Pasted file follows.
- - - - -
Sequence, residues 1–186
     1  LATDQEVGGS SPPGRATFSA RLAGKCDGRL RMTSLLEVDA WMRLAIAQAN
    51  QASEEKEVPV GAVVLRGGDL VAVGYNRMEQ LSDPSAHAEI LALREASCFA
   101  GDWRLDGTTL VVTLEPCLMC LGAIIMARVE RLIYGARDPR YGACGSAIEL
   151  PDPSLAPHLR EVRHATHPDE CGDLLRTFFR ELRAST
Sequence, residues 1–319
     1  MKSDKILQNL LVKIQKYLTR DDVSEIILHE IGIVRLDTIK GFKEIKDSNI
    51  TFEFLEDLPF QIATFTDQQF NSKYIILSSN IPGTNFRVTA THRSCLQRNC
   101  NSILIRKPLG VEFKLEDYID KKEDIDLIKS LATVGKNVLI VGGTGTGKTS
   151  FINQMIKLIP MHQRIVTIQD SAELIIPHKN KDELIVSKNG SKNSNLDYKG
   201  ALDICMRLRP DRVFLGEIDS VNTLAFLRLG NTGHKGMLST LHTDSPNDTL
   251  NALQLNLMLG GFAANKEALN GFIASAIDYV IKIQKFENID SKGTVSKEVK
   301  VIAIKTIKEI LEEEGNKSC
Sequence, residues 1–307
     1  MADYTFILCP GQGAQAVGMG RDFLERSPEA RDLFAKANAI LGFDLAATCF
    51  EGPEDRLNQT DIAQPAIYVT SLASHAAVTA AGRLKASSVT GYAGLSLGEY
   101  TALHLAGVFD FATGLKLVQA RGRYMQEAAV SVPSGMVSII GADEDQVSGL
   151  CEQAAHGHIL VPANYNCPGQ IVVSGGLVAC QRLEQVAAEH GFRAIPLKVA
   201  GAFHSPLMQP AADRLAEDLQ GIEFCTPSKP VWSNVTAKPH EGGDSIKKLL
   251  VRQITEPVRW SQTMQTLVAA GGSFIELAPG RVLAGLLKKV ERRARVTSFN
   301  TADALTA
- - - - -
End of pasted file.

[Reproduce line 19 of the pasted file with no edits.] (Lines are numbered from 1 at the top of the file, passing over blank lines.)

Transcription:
   201  GAFHSPLMQP AADRLAEDLQ GIEFCTPSKP VWSNVTAKPH EGGDSIKKLL